In the vicinity of the Woodrow Wilson Bridge, try Fox Ferry Point on low tide, submersed barges near the bridge, subtle points in Smoot Bay, coves near Belle Haven Marina, grass cover in Broad Creek and boat docks south of Hog Island.

In Piscataway Creek and south, try grass in Dogue Creek and Gunston Cove. The mouth of Pomonkey and the creek itself is well worth time. Little creeks in Hallowing Cove and main river grass near George’s house are productive. Grass beds in Occoquan and Belmont Bay have really come alive and don’t hesitate to cast Big Mouth Chatterbaits with swimbait trailers.

In Mattawoman Creek and vicinity, the “6-mph” zone is not so good although snakeheads abound. The grass between Snake Island and the confluence was not up to par, but wind had much to do with that. There are small, narrow grass beds between Chickamuxen and Mallows Bay that hold quality bass and it looks like Aquia Creek grass is healthy again—and abounds with snakeheads.

DEEP CREEK LAKE: two stars; high 60s; clean; normal pool. Guides Brent Nelson and Bret Winegardner are having problems locating largemouth bass and we hope it’s due to post-spawn stress rather than the fairly serious fish kill of last year. Find smallmouth bass along the Deep Creek Lake State Park shoreline as well as rocky shores on the main stem toward the dam. Mizmo tubes Rapala crankbaits and drop-shot plastics work well. Look for largemouth at boat docks and grass beds in the upper portions of the lake.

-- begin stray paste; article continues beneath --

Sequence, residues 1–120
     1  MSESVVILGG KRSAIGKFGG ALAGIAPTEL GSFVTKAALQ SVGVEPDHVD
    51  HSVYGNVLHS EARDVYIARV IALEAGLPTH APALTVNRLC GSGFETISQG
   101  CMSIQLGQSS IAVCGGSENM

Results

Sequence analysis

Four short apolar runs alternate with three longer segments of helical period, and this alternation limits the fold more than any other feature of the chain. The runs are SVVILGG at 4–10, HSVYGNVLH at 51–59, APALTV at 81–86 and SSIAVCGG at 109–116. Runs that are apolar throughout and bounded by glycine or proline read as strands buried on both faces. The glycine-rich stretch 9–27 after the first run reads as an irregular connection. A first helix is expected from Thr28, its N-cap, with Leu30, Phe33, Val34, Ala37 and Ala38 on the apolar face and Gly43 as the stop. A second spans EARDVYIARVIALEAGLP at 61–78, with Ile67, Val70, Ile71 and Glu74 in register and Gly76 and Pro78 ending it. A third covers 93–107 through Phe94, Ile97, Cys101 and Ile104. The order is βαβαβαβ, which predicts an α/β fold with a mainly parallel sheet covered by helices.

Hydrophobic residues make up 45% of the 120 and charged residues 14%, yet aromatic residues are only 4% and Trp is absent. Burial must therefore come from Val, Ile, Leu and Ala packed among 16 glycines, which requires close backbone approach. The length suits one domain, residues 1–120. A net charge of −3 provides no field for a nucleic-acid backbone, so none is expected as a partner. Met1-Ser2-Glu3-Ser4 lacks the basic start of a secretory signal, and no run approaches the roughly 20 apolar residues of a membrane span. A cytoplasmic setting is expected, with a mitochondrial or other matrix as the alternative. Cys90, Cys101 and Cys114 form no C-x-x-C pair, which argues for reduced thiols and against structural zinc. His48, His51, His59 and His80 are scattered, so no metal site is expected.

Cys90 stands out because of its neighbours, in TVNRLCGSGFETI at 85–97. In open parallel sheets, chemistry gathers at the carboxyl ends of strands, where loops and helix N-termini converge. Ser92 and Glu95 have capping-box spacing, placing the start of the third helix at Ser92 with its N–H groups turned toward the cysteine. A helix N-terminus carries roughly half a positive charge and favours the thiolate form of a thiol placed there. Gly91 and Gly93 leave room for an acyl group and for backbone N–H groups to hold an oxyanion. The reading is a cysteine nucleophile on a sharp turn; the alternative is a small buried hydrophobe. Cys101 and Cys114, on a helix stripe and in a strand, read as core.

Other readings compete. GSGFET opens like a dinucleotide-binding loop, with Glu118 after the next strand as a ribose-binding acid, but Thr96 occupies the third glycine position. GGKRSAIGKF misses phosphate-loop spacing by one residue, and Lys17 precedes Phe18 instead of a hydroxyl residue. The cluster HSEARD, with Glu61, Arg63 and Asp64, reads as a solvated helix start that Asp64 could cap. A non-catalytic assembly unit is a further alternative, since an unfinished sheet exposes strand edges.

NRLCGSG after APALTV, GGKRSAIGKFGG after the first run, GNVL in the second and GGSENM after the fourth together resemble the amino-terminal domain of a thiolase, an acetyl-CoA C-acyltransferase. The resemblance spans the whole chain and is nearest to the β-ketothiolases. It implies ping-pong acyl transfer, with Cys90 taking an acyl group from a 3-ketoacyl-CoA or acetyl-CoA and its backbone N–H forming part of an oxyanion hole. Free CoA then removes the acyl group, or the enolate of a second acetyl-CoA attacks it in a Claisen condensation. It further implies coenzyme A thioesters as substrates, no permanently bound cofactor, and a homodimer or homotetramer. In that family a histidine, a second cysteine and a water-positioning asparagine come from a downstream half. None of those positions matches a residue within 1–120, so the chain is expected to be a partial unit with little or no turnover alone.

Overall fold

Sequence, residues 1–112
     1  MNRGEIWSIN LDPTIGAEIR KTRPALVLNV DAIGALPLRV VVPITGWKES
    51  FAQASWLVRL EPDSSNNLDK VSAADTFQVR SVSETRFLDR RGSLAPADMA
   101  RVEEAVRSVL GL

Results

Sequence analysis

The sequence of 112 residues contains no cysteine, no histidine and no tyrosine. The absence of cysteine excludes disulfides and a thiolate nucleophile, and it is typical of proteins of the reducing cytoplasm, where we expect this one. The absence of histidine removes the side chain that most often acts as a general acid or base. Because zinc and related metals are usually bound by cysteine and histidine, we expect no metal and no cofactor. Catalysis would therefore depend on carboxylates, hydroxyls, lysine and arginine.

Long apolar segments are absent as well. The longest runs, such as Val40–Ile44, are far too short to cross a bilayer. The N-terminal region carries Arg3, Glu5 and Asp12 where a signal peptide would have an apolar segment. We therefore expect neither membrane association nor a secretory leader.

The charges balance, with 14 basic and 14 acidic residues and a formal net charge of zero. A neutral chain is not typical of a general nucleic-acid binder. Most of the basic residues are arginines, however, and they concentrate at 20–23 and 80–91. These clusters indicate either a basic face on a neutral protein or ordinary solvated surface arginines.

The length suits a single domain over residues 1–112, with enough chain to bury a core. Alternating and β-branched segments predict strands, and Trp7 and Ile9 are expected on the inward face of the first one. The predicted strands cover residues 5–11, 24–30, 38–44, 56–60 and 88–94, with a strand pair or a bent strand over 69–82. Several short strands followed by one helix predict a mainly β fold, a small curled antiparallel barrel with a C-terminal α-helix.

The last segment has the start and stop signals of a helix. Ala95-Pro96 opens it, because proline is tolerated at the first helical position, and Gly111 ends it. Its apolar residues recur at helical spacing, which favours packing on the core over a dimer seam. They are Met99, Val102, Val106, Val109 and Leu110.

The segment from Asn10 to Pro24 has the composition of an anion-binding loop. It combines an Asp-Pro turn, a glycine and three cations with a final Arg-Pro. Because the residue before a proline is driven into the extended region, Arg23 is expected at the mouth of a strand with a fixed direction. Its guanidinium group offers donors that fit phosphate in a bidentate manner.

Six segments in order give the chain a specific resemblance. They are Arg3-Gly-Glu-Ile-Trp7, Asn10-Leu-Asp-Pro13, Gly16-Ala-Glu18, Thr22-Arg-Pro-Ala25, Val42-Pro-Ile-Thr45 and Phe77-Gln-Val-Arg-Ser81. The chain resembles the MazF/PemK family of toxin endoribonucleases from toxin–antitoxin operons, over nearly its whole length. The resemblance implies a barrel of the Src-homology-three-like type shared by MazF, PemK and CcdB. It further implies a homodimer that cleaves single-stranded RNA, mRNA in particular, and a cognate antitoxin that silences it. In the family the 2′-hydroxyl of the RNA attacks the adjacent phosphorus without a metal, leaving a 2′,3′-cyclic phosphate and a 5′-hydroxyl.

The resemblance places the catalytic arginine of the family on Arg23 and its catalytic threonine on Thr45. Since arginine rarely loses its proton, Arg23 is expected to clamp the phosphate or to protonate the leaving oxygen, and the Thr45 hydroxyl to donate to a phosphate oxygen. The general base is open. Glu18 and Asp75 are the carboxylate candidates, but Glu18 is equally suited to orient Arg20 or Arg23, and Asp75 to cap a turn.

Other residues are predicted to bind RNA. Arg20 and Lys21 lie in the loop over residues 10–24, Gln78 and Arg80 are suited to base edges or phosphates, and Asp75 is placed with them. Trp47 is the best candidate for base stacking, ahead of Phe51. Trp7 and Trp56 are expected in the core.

SUSQUEHANNA and JUNIATA RIVERS: three stars; main river on west shore muddy without explanation; 70s; 4.38 feet at Harrisburg and steady; 4.2 feet at Newport on the Juniata and steady.

LOU guide Mike Breeding is catching plenty of bass of all sizes along the east shore above the campground as well as in the Juniata. Campground Special tubes, Case Stiks, Big Mouth spinnerbaits and Rattlin’ Rapalas have been our most productive lures.

Posted by Candus Thomson at 12:07 PM |
        
About Candus Thomson
In a world of paper vs. plastic and candy mint vs. breath mint, my early memories involved a debate about the merits of freshwater vs. saltwater.

On the one hand, a great uncle’s fishing cabin on the Susquehanna River beckoned, but so did family gatherings on the Jersey Shore.

The correct answer, thankfully, was, “both.”

As The Sun’s outdoors writer for more than a decade, I’ve fished across Maryland in one day, hiked the width of the state in one hour, camped overnight in the median of I-95 to experience the wildlife between the fast lanes and chased mountain bikers in a 24-hour marathon race.

Those are some of the highlights. I’ve also fallen in a raging Gunpowder River during a trout survey (photo available upon request), had a shark spill its guts on my clothes and been stuck in a sub-freezing Vermont wilderness with men armed with flintlocks and hatchets, shuffling along on ancient wooden snowshoes.

And, in my travels I’ve met lots of you, who share a love of the outdoors and the good times and mishaps that go along with it.